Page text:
Milkweed Bug (Family Lygaedidae)

Howdy, BugFans,

Milkweed bugs (MBs) rated about four lines in a BOTW about Milkweed Critters a little more than a year ago, but these beautiful insects are having a blockbuster year and deserve to be disarticulated from that group and considered in their own right(s).

Milkweed Bugs

Milkweed bugs come in two flavors—Large (¾”) (LMB) and Small (½”) (SMB). MBs are True Bugs, in the Order Hemiptera (“half-wings”). That means you can call them “bugs” without being frowned upon by eminent entomologists. They don’t actually have half-wings, but their front set of wings is half leathery and half membranous (the second set, the flying wings, are 100% membranous). They are in the Seed Bug bunch (Family Lygaedidae), which get their name because they suck juice from seeds. MBs of one kind or another are found on milkweeds across the U.S. and southern Canada, and they are most common in the Southeast.

It’s been speculated that the Hemipteran ancestor had chewing mouthparts, but Hemipterans have strayed rather far since then. MBs’ consist of two, side-by-side tubes; they use one tube to pump digestive enzymes into the tough milkweed seeds and the other to siphon up the softened plant material. Between feedings, the tubes are held out of the way against the underside of the body. If you look closely under the chin of the MB profiled on the pod, you can see the mouthparts tucked between its front legs.

Unlike most insects, MBs are gregarious, and milkweed pods may be covered with adults and nymphs (the nymphs start out solid red-orange and add some black markings each time they molt. Older adults are darker red). One reference theorized that everybody benefits from communal feeding behavior. More feeding tubes = more saliva = more softening = more food. During large outbreaks, milkweed seed production suffers; the inner seeds are safe, but the whole pod seems dysfunctional. Most sources say that MBs have no economic importance, since they don’t attack crops, carry disease, or otherwise cross paths with humans, but people who raise milkweeds or collect seed are not fans.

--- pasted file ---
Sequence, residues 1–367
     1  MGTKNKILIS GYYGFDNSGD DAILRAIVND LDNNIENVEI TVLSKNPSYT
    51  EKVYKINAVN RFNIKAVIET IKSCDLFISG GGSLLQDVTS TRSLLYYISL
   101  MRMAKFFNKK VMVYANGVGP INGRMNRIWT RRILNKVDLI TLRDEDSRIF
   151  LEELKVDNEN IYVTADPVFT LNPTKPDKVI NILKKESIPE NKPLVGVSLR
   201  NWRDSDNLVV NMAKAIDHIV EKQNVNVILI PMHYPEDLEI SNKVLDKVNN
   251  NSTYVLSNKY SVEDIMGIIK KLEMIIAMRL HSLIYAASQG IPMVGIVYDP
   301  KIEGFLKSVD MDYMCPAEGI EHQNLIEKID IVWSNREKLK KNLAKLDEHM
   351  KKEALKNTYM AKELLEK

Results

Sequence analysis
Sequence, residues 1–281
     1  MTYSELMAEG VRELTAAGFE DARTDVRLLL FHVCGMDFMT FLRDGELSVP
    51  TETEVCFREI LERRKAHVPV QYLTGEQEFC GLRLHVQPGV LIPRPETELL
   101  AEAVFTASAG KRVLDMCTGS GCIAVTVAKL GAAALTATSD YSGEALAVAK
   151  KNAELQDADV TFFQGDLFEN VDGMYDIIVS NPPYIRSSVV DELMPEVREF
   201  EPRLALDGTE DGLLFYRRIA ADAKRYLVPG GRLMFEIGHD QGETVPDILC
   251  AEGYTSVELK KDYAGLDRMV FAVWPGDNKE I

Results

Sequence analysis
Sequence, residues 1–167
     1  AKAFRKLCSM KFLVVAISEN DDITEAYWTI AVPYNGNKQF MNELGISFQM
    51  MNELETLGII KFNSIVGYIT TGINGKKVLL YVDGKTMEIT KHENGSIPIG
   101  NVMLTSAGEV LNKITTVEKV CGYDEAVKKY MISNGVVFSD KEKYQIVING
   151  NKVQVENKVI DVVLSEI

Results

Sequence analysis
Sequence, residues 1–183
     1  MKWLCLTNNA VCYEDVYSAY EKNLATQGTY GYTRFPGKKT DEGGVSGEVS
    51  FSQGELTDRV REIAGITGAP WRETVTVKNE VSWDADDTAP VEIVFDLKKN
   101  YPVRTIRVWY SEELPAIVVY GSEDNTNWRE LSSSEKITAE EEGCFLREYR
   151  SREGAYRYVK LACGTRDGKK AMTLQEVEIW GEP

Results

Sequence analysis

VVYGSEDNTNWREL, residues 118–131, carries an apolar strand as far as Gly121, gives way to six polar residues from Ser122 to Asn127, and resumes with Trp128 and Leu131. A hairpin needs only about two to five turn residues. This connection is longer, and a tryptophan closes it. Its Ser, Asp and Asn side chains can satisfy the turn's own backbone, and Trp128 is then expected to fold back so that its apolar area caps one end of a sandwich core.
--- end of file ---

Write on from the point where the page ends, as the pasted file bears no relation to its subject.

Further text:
Both MBs are reported to feed on some nectar, and when food is scarce, MBs may eat other milkweed parts and live or dead invertebrates. SMBs’ tastes may wander to non-milkweed species.

MBs have several ways to protect themselves from predators. If you get too close to a group, the individuals will scatter. When alarmed, MBs drop off the plant into the thicket of grasses at its base. Once on the ground, they lie still for a while before resuming their eating. Predators prefer to kill their food and generally won’t bother an animal that is “dead.”

These behavioral methods are really unnecessary, because MBs, like Monarchs, taste nasty due to the bitter sap in their favorite food. This begs the question of taste buds among its predators—birds notably lack them, and the BugLady doubts the palettes of praying mantises and garden spiders. MBs are poisonous due to milkweed’s cardiac glycosides (insects that make use of milkweed carbs must either produce chemicals to detoxify them or structures to sequester the toxins). MBs are sequester-ers. At the very least, eating a bunch of MBs will make the predator vomit and develop a strong avoidance reaction to the next MB it lays eyes on (one on-line source warned readers not to let their dogs eat MBs). MBs wear Mother Nature’s warning colors of orange and black, and their habit of feeding in large groups magnifies those colors for near-sighted predators. The bright reddish-orange and black color patterns of the MBs are called aposematic (they are aposematically colored), which, according to Merriam Webster, means “being conspicuous and serving to warn–as in coloration.” There’s some speculation that the non-poisonous box elder bugs are milkweed bug mimics.

With one major exception, SMBs (Lygaeus kalmii) and LMBS (Oncopeltus fasciatus) have very similar life stories. Egg to nymph to adult in one to two months, depending on the air temperature. Mating (about 30 minutes in duration in warm weather, with snuggles as long as 10 hours occurring in cool weather) and egg-laying within a week of reaching adulthood (up to 2000 eggs total, half male, half female. The eggs also change color, from pale yellow to almost-red as hatching nears). One or two months of adulthood, and they overwinter as adults. The big difference between SMBs and LMBs is that SMBs can overwinter here in God’s Country and LMBs can’t. SMBs are “permanent residents” and LMBs are migratory, following the milkweed crop north in summer and retreating south in fall. According to Stokes in Observing Insect Lives, about a quarter of LMB adults are migratory–crowded milkweed pods, decreasing northern day lengths, and less reproductive activity send them south, and those that linger, freeze. SMBs crank out the antifreeze and survive northern winters; on warm winter days down south, LMBs may stretch their legs.

Most of what the BugLady has been seeing this year have been LMBs. LMBs (¾”) have a broad, black band across their back, and SMBs (½”) have a red “X” on a black background.

LMBs are available from scientific supply catalogs, along with complete rearing instructions (they’ll eat sunflower seeds and watermelon in captivity) and they are reported to be “easy to dissect.”

The BugLady